Bid to bring school back to Winslow is supported

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A BID to bring a secondary school back to Winslow has been supported – amid claims that it could prevent the Winslow Centre being sold for housing.

Chiefs from the Department for Education are weighing up plans to set up a free school in the town – with youngsters currently having to travel miles for their education.

The Winslow Centre has been mooted as a possible site for the school, with a group headed by a former Vale headteacher hoping to have the school open in September last year.

This week, a county councillor said opening a school in the Winslow Centre could save it from being sold by Bucks County Council and converted into housing.

As reported in the Herald last week, Winslow’s mayor, Councillor Llew Monger, said there were ‘many unanswered questions’ about the bid, and urged parents to be cautious.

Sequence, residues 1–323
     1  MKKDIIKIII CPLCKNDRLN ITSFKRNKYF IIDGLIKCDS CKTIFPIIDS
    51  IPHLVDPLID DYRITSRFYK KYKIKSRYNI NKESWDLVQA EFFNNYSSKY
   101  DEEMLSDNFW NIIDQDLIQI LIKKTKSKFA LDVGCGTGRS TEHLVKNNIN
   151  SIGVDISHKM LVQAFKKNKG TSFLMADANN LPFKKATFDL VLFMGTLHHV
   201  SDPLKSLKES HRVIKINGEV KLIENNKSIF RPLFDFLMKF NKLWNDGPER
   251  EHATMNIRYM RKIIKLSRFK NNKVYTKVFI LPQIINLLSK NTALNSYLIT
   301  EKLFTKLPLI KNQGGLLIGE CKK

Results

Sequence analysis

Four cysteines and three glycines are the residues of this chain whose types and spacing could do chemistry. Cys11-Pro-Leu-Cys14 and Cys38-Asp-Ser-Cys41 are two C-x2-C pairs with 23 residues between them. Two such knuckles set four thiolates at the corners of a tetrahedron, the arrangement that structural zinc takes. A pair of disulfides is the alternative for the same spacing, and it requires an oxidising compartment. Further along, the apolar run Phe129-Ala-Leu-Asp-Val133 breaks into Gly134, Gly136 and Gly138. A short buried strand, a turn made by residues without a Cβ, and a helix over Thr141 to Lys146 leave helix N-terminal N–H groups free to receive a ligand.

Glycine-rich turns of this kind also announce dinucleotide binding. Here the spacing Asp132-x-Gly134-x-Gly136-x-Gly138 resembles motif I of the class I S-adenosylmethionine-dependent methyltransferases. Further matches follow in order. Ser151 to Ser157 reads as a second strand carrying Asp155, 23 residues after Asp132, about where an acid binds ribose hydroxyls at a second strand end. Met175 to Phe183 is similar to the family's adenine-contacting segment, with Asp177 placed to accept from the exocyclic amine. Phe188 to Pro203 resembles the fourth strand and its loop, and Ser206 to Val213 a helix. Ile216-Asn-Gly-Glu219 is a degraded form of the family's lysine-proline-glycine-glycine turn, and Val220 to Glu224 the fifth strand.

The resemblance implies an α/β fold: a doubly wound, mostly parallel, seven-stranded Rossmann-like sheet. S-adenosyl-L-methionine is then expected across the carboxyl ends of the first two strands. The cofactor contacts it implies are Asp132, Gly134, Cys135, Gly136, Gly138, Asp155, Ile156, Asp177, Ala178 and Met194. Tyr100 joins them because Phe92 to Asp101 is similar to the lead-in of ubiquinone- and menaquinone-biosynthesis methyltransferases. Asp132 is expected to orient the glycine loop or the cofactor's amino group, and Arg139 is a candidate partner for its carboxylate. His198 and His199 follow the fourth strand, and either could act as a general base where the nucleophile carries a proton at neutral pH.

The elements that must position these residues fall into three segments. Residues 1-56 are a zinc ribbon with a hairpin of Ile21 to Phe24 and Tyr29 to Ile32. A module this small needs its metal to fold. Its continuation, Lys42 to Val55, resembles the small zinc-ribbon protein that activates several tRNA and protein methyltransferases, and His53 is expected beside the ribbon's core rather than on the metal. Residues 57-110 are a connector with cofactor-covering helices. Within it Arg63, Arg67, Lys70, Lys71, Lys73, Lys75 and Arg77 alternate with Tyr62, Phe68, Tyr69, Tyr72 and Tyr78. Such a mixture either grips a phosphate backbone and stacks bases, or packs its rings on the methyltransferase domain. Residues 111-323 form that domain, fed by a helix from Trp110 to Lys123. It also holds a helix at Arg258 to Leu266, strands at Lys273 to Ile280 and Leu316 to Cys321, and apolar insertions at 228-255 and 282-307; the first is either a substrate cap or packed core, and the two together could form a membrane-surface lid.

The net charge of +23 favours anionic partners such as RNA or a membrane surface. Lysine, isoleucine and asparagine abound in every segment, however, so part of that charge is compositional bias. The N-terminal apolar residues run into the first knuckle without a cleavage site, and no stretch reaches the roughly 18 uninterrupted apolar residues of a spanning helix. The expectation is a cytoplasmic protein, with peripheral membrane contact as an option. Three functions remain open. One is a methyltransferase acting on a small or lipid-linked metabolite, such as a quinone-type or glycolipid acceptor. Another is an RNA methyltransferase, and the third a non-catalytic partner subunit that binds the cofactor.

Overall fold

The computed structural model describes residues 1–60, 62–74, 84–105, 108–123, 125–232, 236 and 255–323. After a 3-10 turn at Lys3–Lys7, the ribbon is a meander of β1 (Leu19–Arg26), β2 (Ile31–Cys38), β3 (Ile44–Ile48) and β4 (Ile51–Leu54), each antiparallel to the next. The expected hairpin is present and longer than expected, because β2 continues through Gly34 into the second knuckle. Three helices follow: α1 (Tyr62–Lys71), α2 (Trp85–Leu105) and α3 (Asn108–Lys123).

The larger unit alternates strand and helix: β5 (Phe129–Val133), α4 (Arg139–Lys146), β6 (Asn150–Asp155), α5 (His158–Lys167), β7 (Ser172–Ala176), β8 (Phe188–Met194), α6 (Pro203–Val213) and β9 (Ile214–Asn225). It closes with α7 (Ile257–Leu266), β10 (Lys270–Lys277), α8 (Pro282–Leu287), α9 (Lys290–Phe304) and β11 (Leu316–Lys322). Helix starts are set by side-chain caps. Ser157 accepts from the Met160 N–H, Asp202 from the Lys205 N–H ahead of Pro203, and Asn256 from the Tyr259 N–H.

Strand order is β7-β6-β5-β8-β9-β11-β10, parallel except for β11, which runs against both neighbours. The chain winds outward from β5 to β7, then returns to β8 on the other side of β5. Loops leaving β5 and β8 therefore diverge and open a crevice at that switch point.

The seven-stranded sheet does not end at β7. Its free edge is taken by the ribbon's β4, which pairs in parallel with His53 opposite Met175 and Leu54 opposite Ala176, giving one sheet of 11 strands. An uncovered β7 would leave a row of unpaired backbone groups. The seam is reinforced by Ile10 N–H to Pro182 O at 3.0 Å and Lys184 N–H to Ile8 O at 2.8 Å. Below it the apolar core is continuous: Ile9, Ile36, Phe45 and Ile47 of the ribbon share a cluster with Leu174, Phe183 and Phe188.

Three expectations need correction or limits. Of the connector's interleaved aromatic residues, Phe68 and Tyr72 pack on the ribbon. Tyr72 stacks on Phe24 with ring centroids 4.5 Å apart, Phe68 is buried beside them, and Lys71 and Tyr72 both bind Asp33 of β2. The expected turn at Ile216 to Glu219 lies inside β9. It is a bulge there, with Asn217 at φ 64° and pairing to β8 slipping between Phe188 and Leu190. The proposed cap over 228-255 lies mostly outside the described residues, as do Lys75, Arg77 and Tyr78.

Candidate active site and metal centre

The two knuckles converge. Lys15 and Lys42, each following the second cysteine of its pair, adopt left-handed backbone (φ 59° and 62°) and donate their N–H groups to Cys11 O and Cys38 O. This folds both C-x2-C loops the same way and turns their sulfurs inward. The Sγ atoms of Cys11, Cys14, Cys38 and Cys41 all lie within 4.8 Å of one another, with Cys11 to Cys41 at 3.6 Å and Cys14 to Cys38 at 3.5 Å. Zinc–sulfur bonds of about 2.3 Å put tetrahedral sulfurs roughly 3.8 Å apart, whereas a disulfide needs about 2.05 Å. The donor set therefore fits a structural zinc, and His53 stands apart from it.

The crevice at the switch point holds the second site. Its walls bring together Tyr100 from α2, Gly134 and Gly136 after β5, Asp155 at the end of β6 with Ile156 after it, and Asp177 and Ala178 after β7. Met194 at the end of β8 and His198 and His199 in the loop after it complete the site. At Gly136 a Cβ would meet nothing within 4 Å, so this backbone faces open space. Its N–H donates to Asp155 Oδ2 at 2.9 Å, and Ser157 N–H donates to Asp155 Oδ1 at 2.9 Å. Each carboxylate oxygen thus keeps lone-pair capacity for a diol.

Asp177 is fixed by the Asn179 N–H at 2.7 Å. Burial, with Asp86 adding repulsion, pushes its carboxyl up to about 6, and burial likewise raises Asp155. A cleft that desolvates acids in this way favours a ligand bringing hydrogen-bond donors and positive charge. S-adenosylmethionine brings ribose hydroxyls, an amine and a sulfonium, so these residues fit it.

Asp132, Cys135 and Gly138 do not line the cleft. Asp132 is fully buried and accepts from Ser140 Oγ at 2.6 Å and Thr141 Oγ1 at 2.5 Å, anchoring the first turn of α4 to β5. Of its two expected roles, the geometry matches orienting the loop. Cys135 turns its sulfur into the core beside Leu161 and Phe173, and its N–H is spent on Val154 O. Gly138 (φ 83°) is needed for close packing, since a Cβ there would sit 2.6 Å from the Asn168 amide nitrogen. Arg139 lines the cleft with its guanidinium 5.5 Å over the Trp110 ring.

But county councillor David Rowlands, who represents Winslow, has said he favours the plans.

Mr Rowlands, who headed a campaign to bring a secondary school back to Winslow a decade ago, said: “I’m delighted that someone has bitten the bullet and taken the travelling of their kiddies to heart.

“I wouldn’t be surprised if at some stage in the next five to 10 years, the Winslow Centre could be sold for housing.

“But I think the centre is currently under used, and it could be converted into a very good school.

“It would totally revitalise the Winslow Centre.”

Mr Rowlands continued: “I would rather see a secondary school coming back to the Winslow Centre than that whole site being developed for housing.”

A group headed by former Quainton CofE Combined School headteacher Peter Bird has put forward the bid.

If given the go-ahead, the school would be called the Sir Thomas Fremantle School.

The group says more than 400 families have expressed an interest in sending their children to the school.

The team is set to find out in July whether their bid to set up the free school has been accepted.

Free schools were introduced by the coalition government, allowing communities and parents to set up their own schools.

Parents can visit for information, or email for answers to specific questions.